Do you ever lack time to complete tasks and wish you had more time for deep work? Time management does not need to feel stressful or overwhelming.
Getting the most out of your time is an essential skill to master throughout your career. Whether you are an individual contributor or a manager, obstacles will always hinder your productivity. This makes it essential to learn to manage your time by optimizing your calendar.
In episode 110 of the Supermanagers podcast, Matt Martin, Clockwise’s CEO, shared the three ways he optimizes his calendar for increased productivity and efficient work. Keep reading to learn how he structures his week to maximize productivity.
Tip 1: Schedule deep work blocks
Proactive time blocks are critical to both individual contributors and leaders. We often hear from leaders who try to make themselves available to their teams anytime, even at the cost of their own Focus Time.
Matt stresses the importance of not having the mindset as a manager that you must always be responsive to your team. New managers often make the mistake of feeling like they should always be online and available to answer questions, thus sacrificing their deep work blocks. However, Matt believes one key to being a great manager is protecting your focus time. Leaders need time to work through critical challenges, a task that’s almost alway higher leverage than unblocking an individual task.
“Make sure that you’re not robbing yourself with this mindset of needing to be responsive to your team all the time.” - Matt Martin, Clockwise Co-founder & CEO
As a CEO with a filled calendar, Matt reserves at least two weekly time blocks for deep focus work. Examples of tasks he would complete during the blocked time could be building a strategy doc, drafting a new requisite for a leadership role, or even building a development plan for employees. The idea is that completing a task over two hours of deep work creates a final product that is much higher quality than something that is rushed into multiple thirty-minute blocks between meetings.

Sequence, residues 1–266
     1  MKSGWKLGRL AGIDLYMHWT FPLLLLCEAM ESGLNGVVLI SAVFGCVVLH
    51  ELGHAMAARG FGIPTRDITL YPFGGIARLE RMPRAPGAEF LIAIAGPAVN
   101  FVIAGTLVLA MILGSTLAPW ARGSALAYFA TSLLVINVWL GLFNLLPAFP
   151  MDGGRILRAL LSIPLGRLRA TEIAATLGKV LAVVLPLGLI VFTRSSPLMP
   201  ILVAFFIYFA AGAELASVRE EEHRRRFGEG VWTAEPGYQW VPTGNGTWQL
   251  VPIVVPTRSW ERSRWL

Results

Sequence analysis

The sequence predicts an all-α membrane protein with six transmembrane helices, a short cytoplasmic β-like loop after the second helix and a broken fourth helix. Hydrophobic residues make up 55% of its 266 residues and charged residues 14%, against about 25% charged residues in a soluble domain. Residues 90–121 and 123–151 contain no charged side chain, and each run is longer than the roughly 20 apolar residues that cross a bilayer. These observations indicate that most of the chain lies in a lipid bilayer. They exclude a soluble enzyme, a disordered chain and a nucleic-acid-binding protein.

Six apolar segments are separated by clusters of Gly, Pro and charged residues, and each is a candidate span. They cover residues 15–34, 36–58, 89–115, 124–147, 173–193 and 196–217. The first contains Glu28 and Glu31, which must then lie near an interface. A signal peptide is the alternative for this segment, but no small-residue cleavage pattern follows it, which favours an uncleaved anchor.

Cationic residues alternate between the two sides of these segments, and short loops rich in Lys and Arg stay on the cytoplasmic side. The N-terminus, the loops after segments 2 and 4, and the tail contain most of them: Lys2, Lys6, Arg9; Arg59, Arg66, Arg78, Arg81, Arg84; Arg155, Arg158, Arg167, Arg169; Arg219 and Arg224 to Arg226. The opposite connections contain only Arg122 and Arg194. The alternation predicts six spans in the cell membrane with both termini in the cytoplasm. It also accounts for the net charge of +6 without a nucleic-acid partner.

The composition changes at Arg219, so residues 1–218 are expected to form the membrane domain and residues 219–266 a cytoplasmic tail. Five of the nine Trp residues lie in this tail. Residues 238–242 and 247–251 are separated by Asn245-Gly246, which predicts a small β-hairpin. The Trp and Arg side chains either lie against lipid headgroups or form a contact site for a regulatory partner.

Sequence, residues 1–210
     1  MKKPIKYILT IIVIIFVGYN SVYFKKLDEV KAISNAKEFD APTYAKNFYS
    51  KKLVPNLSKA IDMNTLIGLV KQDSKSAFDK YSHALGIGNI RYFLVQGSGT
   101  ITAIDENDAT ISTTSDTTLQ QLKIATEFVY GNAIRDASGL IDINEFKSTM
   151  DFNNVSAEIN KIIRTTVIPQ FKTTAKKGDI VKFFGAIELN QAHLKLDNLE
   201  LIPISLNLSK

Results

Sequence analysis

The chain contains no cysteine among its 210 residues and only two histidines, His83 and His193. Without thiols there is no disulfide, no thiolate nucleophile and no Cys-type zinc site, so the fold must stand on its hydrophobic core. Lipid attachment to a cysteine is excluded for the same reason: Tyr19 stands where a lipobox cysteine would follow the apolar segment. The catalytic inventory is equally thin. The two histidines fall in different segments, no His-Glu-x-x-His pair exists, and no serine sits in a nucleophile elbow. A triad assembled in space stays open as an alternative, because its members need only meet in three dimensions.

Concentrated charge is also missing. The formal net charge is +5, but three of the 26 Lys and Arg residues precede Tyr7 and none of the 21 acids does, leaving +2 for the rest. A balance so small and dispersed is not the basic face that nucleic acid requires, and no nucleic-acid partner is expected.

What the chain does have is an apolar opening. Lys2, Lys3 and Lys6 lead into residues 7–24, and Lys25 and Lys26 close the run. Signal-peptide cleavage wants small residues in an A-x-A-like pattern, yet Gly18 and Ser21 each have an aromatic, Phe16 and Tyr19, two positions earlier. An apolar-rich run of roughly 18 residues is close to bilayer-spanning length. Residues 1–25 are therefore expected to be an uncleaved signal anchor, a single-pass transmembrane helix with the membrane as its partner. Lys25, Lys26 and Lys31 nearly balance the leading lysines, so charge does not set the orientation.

Pro Tip: It might not surprise you that Matt relies on Clockwise to optimize his schedule to create additional Focus Time.
Tip 2: Thematically bucket meetings
Shifting the mental context from one meeting to another can be difficult. Jumping from the analytical mindset of a growth team meeting to the customer-focused approach of a customer success check-in to a bi-weekly one-on-one meeting poses a challenge to any manager. By thematically regrouping similar meetings into the same day, you’re setting yourself up for success and increased focus.
Matt tries to schedule all his leadership one-on-one meetings in the morning on Mondays and Tuesdays. Thursdays are reserved for highly collaborative meetings, like his Staff meeting and product reviews. That leaves Wednesday and Friday for ad-hoc meetings and ideal for deep work. Matt also recommends giving yourself a little buffer time between meetings, so you have time to capture your thoughts and follow-up.
Tip 3: Find a tool that works for you
Everyone has personal preferences when it comes to capturing information and action items. You might prefer using Trello to add action items after meetings, whereas your colleague might prefer Fellow, Google Docs, or Notion.
Matt recommends everyone find a management tool that best suits their needs and preferences. Matt uses multiple tools, but places a heavy emphasis on speed and ease of use.
Matt recommends using the tool religiously to capture thoughts and information. Afterwards, you can triage which information gets transferred into your company’s tool of choice.